What are the implications not only for the institutions but also for and on students, of all ages? What is the effect on participation rates, on their choice of institution and program, and their performance? And what is the impact on academic work? Faculty are also under pressure. Calls for greater productivity and accountability challenge traditional work-practices and values–but how do we enhance performance, achieve value-for-money, and maintain quality in very difficult times?

“Managerialism” is a controversial term for sections of the academic literature, variously linked with the loss of university autonomy and the adoption of neo-liberal principles. But, leading an institution in the current climate is very difficult. As a result, university presidents and rectors are adopting a more strategic and professional approach to governance and management. What are the leadership challenges and what choices are being made–and what can institutions learn from each other? To what extent are the issues common across world-regions and institutional types?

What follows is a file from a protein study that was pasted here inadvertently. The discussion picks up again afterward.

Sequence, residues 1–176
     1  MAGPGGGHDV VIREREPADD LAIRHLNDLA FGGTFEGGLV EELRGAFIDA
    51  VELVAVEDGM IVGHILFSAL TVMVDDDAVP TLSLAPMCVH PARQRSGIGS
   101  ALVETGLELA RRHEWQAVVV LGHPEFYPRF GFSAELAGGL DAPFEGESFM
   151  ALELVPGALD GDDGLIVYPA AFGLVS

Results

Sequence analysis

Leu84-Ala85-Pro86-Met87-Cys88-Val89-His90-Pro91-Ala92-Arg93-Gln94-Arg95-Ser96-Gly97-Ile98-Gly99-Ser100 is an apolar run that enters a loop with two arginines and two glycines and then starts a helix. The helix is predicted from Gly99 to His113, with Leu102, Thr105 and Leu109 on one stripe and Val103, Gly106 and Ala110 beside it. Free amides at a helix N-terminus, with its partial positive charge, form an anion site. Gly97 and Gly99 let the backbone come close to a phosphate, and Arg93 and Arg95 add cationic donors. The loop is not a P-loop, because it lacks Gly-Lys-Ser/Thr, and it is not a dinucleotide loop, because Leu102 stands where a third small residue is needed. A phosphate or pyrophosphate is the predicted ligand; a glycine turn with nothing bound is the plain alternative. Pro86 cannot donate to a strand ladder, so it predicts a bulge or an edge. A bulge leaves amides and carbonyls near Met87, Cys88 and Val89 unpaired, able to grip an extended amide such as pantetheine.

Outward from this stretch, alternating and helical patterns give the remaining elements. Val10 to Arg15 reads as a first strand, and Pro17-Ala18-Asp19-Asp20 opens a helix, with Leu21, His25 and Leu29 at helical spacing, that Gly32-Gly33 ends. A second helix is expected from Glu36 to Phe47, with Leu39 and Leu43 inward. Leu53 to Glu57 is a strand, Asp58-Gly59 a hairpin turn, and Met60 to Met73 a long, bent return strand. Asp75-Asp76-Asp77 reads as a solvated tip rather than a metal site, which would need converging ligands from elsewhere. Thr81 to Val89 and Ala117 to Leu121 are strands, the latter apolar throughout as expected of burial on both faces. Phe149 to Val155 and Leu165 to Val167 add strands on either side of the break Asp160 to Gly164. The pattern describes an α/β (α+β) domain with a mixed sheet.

The pages of this newspaper regularly provide reportage of the economic crisis and its effects on higher education. Likewise, the European University Association has been monitoring the situation in Europe since the onset of the crisis in 2008. However, I’m not aware of any in-depth international or comparative studies which have sought to delve behind the anecdote and the headlines.

To begin to answer these and many other questions, I am conducting an international study, “The Impact of the Global Economic Crisis on Higher Education: Higher Education Leadership and Management Challenges,” in partnership with the International Association of Universities in Paris.

We hope to survey at least 50 institutions worldwide. Any college or university interested in participating should contact us before July 31.

[Creative Commons licensed Wikimedia photo by William Murphy]

Return to Top